12. Ecology – No Sense in Being Killed by a Plant

This episode marks the one year anniversary of the TNAM podcast, and so to celebrate we decided to go back into the vaults and investigate the science fact behind a science fiction classic, the 1963 film from Allied Artists Pictures: ‘The Day of the Triffids’. Starring Nicole Maurey & Howard Keel, and directed by Steve Sekely, ‘Triffids’ imagines a world in which the Earth is beset by a terrible plague of predatory plants.

TriffidBook

1st edition cover of the 1953 novel

The basic premise of the narrative is that a new species of plants, called triffids, were brought to Earth a number of years earlier via a meteor shower. In the film another meteor shower turns most of the population of the planet blind, whilst also somehow kindling the murderous desires of the triffids, causing them to grow to a gigantic size and bestowing upon them a poisonous sting that is deadly to humans. Based on the 1951 novel of the same name by John Wyndham, the film follows the adventures of a select group of people who were somehow able to avoid the initial plant onslaught.

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In order to investigate some of the claims that were made by the film, we were joined in the studio by Dr Hannah Mossman, lecturer in Applied Ecology at Manchester Met. Some of Hannah’s research centres around restoring salt marshes in the UK, and so she was perfectly placed to comment on (spoiler alert) what turns about to be the triffid’s only weakness: salt water. Incredibly this turns out to be pretty realistic, as salt water can kill a plant by drawing water away from its roots, and also by interfering with its ability to absorb nutrients from the soil. Perhaps even more incredible is that it took the protagonists of the film until the very last scene to find this out, despite a large part of the film being set in a lighthouse that is surrounded by… yep you guessed it.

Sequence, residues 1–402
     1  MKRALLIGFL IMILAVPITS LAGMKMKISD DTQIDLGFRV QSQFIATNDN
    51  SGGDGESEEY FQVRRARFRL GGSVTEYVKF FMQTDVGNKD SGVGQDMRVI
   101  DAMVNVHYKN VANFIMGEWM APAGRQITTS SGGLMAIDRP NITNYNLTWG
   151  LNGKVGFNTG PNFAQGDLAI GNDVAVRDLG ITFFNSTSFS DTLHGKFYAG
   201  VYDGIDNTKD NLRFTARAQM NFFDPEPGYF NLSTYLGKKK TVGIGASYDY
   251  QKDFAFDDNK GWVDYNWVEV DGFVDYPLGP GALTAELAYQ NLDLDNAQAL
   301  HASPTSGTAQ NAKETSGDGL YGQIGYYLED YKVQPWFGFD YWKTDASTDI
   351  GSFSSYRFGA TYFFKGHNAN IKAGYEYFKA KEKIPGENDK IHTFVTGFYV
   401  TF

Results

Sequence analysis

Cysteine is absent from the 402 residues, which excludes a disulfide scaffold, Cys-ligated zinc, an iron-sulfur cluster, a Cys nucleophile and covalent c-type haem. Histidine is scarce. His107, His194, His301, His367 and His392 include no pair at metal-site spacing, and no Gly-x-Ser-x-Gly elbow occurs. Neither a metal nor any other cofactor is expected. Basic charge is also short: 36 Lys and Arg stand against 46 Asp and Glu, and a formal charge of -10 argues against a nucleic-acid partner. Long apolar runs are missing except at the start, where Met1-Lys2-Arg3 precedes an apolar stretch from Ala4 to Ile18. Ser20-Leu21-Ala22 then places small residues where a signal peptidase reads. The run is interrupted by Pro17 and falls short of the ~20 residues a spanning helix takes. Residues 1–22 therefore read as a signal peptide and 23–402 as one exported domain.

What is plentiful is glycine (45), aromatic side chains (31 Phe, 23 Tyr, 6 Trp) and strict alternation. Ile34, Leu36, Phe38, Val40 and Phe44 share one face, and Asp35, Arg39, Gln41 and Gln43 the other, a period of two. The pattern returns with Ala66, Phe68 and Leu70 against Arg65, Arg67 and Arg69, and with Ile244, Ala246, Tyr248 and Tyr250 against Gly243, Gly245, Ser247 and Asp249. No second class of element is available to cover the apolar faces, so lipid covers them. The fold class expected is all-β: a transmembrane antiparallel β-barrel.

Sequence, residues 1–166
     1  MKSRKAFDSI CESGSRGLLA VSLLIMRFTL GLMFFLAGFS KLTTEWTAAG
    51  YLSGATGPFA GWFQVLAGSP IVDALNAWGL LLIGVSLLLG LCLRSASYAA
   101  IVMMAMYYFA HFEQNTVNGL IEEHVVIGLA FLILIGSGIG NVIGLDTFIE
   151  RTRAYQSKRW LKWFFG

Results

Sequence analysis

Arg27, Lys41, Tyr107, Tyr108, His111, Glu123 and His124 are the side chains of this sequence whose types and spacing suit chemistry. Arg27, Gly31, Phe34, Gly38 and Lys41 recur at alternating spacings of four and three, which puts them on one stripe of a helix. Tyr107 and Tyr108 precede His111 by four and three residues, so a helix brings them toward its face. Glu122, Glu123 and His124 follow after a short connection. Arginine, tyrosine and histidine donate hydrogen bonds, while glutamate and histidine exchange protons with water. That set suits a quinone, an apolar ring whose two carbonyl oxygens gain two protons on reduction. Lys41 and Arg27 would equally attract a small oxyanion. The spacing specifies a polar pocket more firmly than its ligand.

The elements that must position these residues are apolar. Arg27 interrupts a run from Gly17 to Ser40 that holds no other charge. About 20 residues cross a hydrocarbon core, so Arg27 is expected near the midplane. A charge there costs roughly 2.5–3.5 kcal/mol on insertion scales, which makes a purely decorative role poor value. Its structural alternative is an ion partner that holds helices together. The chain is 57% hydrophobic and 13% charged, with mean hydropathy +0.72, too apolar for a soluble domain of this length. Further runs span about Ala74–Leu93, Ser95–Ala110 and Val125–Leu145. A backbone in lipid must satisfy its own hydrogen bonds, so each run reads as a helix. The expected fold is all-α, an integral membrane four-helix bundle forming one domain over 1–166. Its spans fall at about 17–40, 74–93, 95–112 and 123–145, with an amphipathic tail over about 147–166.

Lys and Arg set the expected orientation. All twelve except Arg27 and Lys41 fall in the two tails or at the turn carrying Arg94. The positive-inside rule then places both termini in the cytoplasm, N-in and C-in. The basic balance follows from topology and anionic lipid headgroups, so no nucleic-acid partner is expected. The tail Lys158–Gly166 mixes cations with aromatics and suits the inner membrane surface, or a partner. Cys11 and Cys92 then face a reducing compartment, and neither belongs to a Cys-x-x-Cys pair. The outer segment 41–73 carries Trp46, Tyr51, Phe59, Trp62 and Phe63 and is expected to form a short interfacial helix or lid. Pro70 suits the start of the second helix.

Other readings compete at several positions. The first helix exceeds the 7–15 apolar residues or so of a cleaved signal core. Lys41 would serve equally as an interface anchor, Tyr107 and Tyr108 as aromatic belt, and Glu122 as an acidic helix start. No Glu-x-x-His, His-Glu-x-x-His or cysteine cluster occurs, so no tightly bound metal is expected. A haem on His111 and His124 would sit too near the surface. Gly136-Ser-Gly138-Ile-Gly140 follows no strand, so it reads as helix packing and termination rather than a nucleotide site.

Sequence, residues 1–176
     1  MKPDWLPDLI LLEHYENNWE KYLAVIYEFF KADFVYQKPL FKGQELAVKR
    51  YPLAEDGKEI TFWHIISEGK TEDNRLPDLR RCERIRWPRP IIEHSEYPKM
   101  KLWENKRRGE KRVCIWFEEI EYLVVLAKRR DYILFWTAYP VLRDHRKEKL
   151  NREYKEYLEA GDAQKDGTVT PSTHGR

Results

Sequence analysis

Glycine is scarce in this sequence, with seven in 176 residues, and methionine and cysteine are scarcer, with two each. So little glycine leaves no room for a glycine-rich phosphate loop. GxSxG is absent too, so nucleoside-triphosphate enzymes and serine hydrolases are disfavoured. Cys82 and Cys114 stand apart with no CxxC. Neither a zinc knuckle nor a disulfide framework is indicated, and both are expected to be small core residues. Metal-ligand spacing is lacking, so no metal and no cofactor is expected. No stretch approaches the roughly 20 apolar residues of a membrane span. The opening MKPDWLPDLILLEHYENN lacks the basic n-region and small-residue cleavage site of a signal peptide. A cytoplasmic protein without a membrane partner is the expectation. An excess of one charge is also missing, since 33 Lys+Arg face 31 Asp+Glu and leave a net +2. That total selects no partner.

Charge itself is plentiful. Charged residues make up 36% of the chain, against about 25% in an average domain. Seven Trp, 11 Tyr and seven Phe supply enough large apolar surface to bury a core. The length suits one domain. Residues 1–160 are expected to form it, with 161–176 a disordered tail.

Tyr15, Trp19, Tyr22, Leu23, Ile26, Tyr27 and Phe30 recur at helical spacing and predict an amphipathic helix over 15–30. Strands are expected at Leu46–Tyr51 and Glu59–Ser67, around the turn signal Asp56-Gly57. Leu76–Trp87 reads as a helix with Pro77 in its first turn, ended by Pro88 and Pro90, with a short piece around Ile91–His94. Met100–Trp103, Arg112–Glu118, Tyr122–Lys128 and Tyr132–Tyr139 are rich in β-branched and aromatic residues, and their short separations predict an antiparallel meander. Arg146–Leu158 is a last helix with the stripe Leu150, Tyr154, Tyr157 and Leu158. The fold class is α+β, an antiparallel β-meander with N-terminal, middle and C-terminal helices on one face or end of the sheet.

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As the podcast is now one-year-old, we have decided to try something new, and so as well as the monthly podcasts we will be releasing a series of ‘extras’ to accompany it. We like to keep the podcast to about 20 minutes in length in order to meet the demands of our busy listeners, but this normally means that we end up cutting some sections where we delve into a little more detail behind the science of a particular topic. In the accompanying extras for this episode we investigate the movement of plants and discuss some of the carnivorous plants that we might need to watch out for.

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So watch out for the accompanying extras in the next couple of weeks, but in the meantime be sure to check out the 1976 album Mother Earth’s Plantasia by the Canadian Composer Mort Garson, who wrote it so that it might be played to plants in order to help them grow; just remember not to bedew them with sea water in the process!

 

 

Listen to these related episodes:

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